8 performances were expressly designed to gratify mens appetite s (Jowitt 60). For feminists this is clearly an instance of what bell hooks calls eati ng the other where the other or the unknown is seen as exotic and de sirable. As she states in her article, the commodification of otherness allows individuals from the dominant race, ethnicity or other group with significant influence, to a ffirm their power over subordinates in a way that may appear benevolent, when in fact the relationship is e ssentially exploitative (hooks 23). In short, whether the European wo men were dancing as sylphs, farm workers, or sexual temptresses from other parts of the world, their profession was likened to prostitution. Tales of backstage sexual en counters in France, combined with the increasing sexuality of popular dances like the bunny hug and the slow rag in the United States, undoubtedly astonished the middle class in the late nineteenth and early twentieth centuries when dance was beginning to be es tablished in several American universities (Evans 161). For years this presumptive association between dance and morally permissive behaviors among wo men was left unquestioned and many individuals at that time still considered dance scandalous. It seemed unlikely that dance would enjoy widespread successes in the puritanical United States. Dance and dance education finally made in roads in the United States during the 1920s largely because of the early feminist movements for suffrage and the slowly shifting attitudes about wome n. As Janice Ross notes, dance in higher education would have another big boom period in the late 1960 s and early 1970snot surprisingly, on the wave of this centurys second big push fo r womens rights (212). The cultural and political movements during these different time periods allowed women to explore options not previously available to them a nd began to remove some of the taboos about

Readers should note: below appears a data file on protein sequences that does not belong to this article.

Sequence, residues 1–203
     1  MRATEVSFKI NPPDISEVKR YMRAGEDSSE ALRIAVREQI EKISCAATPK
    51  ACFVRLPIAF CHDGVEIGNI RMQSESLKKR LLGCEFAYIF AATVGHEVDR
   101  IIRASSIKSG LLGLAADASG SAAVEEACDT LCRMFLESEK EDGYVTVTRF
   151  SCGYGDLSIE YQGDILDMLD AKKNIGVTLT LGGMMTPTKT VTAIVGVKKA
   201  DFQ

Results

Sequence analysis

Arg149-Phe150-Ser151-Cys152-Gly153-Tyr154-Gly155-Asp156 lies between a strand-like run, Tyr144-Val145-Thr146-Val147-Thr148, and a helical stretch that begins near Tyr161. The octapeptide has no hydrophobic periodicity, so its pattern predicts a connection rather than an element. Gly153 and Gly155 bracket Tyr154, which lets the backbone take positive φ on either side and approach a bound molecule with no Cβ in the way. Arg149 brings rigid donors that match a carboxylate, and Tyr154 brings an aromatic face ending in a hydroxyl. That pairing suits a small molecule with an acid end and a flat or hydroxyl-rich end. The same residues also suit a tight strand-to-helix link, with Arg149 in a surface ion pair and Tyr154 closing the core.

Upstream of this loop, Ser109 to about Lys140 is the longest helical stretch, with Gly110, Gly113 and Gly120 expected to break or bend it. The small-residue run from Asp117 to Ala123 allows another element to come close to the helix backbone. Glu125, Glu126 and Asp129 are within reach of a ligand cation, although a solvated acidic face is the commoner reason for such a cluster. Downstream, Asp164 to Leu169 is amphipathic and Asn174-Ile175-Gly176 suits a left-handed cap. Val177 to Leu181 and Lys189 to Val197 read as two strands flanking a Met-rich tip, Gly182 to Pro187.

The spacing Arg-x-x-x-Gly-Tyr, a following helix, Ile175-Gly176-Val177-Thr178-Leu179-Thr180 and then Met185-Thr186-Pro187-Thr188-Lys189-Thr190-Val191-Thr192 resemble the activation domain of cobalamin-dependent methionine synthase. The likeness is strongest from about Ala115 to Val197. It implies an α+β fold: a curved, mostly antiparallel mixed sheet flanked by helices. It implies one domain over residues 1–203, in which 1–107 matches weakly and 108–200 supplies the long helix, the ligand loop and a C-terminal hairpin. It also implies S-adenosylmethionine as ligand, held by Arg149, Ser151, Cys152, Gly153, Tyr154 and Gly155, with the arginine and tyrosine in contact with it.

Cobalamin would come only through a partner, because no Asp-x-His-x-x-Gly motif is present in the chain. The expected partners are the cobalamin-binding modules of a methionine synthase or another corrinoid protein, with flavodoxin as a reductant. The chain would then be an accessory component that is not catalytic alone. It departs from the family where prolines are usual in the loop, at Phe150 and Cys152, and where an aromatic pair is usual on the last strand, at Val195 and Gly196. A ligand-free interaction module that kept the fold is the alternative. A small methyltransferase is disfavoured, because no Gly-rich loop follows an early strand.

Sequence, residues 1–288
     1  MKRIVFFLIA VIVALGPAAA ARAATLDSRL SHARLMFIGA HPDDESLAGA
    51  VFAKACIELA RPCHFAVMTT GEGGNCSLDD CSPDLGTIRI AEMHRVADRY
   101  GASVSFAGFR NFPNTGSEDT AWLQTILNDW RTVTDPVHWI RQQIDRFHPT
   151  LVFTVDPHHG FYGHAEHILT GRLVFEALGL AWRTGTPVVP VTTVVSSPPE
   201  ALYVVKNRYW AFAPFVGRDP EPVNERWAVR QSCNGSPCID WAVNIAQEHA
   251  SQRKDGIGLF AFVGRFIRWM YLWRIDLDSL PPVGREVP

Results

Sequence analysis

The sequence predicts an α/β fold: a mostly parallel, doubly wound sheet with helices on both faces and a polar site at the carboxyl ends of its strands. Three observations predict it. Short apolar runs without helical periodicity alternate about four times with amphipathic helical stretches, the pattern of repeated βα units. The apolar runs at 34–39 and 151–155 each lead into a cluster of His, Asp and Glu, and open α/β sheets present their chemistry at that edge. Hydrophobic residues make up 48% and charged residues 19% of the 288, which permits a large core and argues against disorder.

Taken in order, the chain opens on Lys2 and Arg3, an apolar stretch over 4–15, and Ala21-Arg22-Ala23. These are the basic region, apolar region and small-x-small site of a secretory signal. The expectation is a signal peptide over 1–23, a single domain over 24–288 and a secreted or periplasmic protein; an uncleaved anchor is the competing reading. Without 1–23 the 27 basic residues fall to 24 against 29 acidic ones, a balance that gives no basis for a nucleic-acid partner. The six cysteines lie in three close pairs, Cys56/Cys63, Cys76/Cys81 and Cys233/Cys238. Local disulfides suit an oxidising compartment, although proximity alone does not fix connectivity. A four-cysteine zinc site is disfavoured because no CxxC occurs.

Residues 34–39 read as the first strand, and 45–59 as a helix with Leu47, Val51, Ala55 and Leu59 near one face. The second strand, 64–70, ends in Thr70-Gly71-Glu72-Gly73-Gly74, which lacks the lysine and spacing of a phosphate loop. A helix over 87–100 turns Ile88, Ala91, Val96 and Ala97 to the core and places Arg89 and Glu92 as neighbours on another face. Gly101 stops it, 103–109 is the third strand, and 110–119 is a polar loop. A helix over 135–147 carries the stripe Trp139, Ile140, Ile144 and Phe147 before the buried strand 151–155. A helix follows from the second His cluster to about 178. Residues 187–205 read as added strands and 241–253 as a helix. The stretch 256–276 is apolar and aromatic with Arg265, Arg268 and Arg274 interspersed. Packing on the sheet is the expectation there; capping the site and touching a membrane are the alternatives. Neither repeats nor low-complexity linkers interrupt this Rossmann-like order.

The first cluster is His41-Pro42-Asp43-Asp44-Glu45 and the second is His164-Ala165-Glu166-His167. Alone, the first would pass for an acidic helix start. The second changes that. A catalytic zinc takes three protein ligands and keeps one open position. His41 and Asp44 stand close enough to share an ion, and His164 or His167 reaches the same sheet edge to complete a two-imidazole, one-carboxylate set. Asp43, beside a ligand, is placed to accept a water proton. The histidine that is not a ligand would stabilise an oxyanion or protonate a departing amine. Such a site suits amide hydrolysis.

9 the capabilities of female-bodied people. In the early twentieth cen tury, as women fought for the right to vote, they ch allenged other restrictions such as clothing styles that had heretofore been commonly accepted. For dance this was one of the most important changes because, like Isadora Duncan, ma ny women stopped wearing corsets, a staple garment in almost all ballets and everyday fash ion (Albright 18). This distinction in style of clothing worn for dancing is just one of many departur es between modern dance and ballet, but it allowed Duncan and her dancers to explore a much larger range of motions that were unavailable to ba llet dancers (Banes 74). The correlation between the spread of da nce in higher education and the womens rights movements taking place at these times is fascinating but not coincidence, there is in our contemporary culture a notion that to dance is to be freeof course dancing in itself would not have liberate d these women from the social and economic hardships: dance rather stands for the possibility of escape (Wolff 149). Janet Wolff is specifically addressing a specific scene from Dancing at Lughnasa, which is a play by Brian Friel where dance is used as a metaphor, but her points are more generally thought provoking (Wolff 148). How can dance be as a liberatory act? Why is it that dance, predominantly the modern style, flourished during the wome ns movements in the United States when the dance discipline, in which ballet has b een established as the paradigm, generally reinforces gendered binaries and in many ways glorifies unequal relationships between women and men or even between older and younger females? The first college program to offer a degree in dance was founded in 1926 by Margaret HDoubler at the University of Wisconsin-Madison, even though, the Harvard school included dance in its summer physical education program in 1887 (UW Dance